Nestlé has implemented initiatives to reduce food loss and waste across its value chain, including working with farmers to minimize pre-harvest losses and post-harvest waste. The company has also developed creative solutions like doughs that can be filled with leftover food.

Specific Product Monitoring, High

One concrete example is Nestlé’s use of satellite-based technology to monitor its palm oil supply chain. In 2018, Nestlé became the first food company worldwide to implement the Starling satellite service to monitor 100% of its palm oil supply.

This system provides unbiased, year-round monitoring of land cover changes and forest disturbances, allowing Nestlé to verify that no deforestation is taking place across its palm oil supply chain.

Nestlé plans to extend this satellite monitoring approach to its pulp, paper, and soy supply chains in the future. By leveraging this advanced technology, the company aims to enhance transparency and accountability in its sourcing practices, in line with its commitment to achieve zero deforestation by 2020.

Supply Chain Waste, No information

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Sustainability Scorecards, High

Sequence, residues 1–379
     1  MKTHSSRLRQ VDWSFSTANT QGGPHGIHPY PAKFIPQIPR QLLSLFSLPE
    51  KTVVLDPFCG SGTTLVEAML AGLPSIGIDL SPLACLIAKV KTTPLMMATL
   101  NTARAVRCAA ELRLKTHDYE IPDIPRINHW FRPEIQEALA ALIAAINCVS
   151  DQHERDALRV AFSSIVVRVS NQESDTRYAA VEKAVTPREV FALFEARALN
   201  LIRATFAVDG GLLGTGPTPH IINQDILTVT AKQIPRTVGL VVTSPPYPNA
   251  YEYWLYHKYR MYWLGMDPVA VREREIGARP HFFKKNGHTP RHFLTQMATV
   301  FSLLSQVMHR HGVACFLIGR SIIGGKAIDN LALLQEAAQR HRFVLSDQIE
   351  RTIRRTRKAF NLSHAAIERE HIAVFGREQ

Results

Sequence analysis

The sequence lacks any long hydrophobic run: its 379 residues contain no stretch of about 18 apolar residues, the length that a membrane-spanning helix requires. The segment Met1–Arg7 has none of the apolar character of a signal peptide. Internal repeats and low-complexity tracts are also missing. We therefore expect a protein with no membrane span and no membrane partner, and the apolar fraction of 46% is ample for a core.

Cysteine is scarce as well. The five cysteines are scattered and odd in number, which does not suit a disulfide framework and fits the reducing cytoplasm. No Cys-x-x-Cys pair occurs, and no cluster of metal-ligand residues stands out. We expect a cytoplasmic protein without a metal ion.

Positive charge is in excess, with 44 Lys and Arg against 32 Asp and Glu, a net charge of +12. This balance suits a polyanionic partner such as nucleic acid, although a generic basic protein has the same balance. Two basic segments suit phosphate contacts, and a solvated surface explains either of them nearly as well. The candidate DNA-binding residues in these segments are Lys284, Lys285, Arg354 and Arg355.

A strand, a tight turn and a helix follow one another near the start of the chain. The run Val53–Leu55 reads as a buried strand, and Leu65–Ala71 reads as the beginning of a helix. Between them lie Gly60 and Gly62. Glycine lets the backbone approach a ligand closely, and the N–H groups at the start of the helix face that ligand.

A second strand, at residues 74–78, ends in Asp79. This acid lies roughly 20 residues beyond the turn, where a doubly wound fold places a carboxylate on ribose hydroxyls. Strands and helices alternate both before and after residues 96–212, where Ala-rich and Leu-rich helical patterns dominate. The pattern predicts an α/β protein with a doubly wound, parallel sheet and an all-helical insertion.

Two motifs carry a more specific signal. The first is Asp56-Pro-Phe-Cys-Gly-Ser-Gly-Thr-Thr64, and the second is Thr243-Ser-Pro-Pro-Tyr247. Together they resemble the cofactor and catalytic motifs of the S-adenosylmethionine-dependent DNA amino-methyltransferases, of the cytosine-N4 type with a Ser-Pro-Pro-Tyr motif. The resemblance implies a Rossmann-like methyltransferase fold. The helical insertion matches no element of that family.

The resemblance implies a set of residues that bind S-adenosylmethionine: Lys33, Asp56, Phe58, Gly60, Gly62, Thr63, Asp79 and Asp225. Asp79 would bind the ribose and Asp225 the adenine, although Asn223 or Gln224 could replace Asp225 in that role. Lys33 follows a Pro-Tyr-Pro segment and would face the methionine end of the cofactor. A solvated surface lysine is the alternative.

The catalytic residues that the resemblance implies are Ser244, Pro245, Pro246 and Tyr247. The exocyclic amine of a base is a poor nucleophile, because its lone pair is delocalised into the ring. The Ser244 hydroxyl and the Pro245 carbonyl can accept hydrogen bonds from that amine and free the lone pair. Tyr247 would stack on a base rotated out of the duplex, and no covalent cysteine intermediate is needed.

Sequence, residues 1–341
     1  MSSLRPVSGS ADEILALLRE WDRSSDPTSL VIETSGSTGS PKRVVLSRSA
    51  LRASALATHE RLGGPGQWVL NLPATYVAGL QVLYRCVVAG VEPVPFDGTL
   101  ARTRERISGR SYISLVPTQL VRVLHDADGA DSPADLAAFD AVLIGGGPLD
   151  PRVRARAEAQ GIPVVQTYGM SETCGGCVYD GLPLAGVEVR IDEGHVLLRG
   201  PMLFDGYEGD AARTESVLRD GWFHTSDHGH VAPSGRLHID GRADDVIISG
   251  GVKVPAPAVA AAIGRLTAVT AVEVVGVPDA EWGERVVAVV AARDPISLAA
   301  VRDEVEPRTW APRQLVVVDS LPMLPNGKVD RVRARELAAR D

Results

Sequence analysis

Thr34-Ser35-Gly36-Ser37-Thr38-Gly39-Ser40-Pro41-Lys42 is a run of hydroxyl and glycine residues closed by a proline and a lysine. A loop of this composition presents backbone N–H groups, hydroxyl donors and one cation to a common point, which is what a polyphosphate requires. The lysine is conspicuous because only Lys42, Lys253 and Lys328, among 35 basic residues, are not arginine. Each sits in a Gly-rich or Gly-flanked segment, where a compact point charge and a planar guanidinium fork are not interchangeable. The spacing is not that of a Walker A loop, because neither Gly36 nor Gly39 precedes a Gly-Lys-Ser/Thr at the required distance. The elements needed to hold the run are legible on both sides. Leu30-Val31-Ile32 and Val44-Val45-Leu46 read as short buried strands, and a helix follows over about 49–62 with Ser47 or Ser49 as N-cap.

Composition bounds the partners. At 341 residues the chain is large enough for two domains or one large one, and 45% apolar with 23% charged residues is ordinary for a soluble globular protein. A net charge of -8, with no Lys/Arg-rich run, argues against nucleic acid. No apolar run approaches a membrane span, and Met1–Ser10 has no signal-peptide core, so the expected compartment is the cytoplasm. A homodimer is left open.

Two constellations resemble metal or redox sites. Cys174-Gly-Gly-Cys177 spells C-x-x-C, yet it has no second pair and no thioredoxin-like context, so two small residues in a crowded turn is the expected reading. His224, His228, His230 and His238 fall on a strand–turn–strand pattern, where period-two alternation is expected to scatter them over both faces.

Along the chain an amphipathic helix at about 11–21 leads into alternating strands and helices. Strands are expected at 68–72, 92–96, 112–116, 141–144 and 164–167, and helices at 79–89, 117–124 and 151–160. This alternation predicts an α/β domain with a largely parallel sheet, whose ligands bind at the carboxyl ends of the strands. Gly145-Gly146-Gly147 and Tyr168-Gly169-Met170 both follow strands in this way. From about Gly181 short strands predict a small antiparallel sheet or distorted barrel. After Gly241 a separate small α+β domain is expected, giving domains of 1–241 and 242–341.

According to the search results, Nestlé has developed an internal “Scorecard” to track its progress on key sustainability metrics and initiatives.

This Scorecard is designed with a continuous improvement approach, focusing on areas such as regenerative agriculture, greenhouse gas emissions reduction, water management, and sustainable sourcing.

Water Management, High

As a global food and beverage leader, Nestlé is committed to responsible water management. The company aims to help nature retain more water than its business uses by 2025, investing over €109 million in conservation and replenishment projects. Nestlé’s initiatives include reforestation, supporting water-efficient farming, and improving access to clean water in local communities.

The company is also working to ensure transparency, with a commitment to have all sites certified by the Alliance for Water Stewardship.

Recognizing the need for collective action, Nestlé is collaborating with partners to foster a regenerative approach to water cycles. This comprehensive strategy positions the company as a leader in addressing the global water crisis.


In summary, Nestlé is a leading global company in the food and beverage industry. It’s committed to sustainability, tackling issues like climate change and water scarcity.

Through initiatives like reducing carbon emissions and promoting recycling, Nestlé shows its dedication to the environment.

With transparency and collaboration, Nestlé is setting new standards for the industry while ensuring a better future for all.

Related to other brands

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ESCP Business School Team

Research developed by five curious international ESCP Business School students who have worked together to successfully complete their consulting project. They analysed four brands in four different categories -20 brands: sneakers, pod coffee, jeans, makeup, and chocolate, according to 10 environmental criteria.